New EPA Rules Reflect Kevin Cromar’s Efforts

on Social Cost of Carbon


Director of Health, Environment, and Policy, Kevin Cromar, is part of a multi-institutional team that has contributed to the EPA’s new social-cost-of-carbon figures. This group’s estimates will be used in all future EPA rules, with Cromar leading the effort to generate the health functions, which make up roughly half of the estimated economic damages from climate change. The New York Times reports:

But within the language of the methane rule, E.P.A. economists have tucked a controversial calculation that would give the government legal authority to aggressively limit climate-warming pollution from nearly every smokestack and tailpipe across the country.

The number, known as the “social cost of carbon,” has been used since the Obama administration to calculate the harm to the economy caused by one ton of carbon dioxide pollution. The metric is used to weigh the economic benefits and costs of regulations that apply to polluting industries, such as transportation and energy.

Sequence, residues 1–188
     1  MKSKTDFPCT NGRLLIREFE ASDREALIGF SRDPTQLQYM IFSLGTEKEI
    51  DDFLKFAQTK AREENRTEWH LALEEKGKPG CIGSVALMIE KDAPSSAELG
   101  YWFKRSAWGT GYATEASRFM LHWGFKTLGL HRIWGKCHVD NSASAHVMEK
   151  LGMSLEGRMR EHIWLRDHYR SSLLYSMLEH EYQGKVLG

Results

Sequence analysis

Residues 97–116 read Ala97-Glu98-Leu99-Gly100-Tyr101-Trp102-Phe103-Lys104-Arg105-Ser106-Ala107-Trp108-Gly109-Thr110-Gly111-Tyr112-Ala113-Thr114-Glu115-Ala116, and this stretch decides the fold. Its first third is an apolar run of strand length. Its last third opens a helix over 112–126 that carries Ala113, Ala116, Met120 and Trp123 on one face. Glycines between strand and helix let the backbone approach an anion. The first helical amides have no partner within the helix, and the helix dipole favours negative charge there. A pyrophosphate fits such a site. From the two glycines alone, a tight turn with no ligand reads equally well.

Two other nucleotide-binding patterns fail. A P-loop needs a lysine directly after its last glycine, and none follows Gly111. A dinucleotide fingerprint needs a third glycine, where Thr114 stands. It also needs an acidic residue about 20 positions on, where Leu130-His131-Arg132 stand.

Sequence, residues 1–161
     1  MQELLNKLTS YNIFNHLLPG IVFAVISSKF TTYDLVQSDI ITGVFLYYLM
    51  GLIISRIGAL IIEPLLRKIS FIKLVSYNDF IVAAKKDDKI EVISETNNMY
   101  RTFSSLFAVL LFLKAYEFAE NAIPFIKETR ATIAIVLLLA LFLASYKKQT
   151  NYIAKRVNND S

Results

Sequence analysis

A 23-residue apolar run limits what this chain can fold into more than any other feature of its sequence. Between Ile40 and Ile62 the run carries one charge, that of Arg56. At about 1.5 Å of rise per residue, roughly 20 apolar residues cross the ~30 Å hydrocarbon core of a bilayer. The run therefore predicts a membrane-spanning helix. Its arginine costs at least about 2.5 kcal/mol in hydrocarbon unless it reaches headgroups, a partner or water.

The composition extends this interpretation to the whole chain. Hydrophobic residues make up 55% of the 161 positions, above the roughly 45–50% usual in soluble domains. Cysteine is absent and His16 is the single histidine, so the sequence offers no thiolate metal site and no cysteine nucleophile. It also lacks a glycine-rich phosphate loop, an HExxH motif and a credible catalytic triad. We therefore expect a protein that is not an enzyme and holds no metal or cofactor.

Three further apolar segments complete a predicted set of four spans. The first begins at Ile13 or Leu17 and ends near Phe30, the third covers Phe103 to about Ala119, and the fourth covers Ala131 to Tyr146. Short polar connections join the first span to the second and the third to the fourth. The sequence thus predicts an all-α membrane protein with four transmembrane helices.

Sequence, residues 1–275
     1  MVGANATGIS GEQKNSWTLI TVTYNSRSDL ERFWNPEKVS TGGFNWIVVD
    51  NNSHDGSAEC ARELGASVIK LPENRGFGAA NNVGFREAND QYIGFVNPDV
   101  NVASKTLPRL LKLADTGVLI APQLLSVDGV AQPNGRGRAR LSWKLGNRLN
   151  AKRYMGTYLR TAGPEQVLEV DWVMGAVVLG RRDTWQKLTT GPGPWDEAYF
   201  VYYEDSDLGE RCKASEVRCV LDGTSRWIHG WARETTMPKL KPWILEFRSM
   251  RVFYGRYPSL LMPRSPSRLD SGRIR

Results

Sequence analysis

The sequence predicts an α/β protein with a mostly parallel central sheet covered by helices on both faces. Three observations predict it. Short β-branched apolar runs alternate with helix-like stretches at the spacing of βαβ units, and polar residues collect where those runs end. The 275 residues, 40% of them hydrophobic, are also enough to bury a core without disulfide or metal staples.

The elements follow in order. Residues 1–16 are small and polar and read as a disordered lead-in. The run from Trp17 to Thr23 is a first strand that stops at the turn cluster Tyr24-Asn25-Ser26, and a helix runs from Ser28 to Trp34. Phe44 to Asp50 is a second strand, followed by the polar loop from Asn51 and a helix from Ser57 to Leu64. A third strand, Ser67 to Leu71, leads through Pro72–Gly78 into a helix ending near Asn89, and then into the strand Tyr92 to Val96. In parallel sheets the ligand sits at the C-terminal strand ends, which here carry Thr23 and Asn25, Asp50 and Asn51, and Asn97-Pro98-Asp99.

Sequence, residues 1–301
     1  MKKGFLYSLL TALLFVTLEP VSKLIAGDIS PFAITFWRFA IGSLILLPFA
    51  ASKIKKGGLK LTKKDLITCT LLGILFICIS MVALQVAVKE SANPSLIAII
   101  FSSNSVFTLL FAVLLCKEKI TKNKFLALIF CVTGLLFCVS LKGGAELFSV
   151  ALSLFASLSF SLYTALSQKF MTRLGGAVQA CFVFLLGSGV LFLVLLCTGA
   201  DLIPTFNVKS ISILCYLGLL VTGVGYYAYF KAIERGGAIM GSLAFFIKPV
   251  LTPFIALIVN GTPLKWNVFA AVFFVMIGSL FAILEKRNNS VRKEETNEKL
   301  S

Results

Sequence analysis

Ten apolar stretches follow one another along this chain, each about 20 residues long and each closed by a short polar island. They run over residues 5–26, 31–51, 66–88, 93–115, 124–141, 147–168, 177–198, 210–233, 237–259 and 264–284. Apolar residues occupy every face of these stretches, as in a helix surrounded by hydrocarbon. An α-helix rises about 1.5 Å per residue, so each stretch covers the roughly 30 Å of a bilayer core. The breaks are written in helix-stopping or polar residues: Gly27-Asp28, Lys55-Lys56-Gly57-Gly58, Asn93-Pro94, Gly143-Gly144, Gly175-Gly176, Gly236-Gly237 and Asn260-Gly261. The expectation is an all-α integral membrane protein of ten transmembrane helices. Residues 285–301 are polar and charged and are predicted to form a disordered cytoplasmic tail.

As scientists have increasingly been able to link planetary warming to wildfires, floods, droughts, storms and heat waves, estimates of the social cost of carbon have grown more sophisticated.

The higher the number, the greater the government’s justification for compelling polluters to reduce the emissions that are dangerously heating the planet. During the Obama administration, White House economists calculated the social cost of carbon at $42 a ton. The Trump administration lowered it to less than $5 a ton. Under President Biden, the cost was returned to Obama levels, adjusted for inflation and set at $51.

The new estimate of the social cost of carbon, making its debut in a legally binding federal regulation, is almost four times that amount: $190 a ton.

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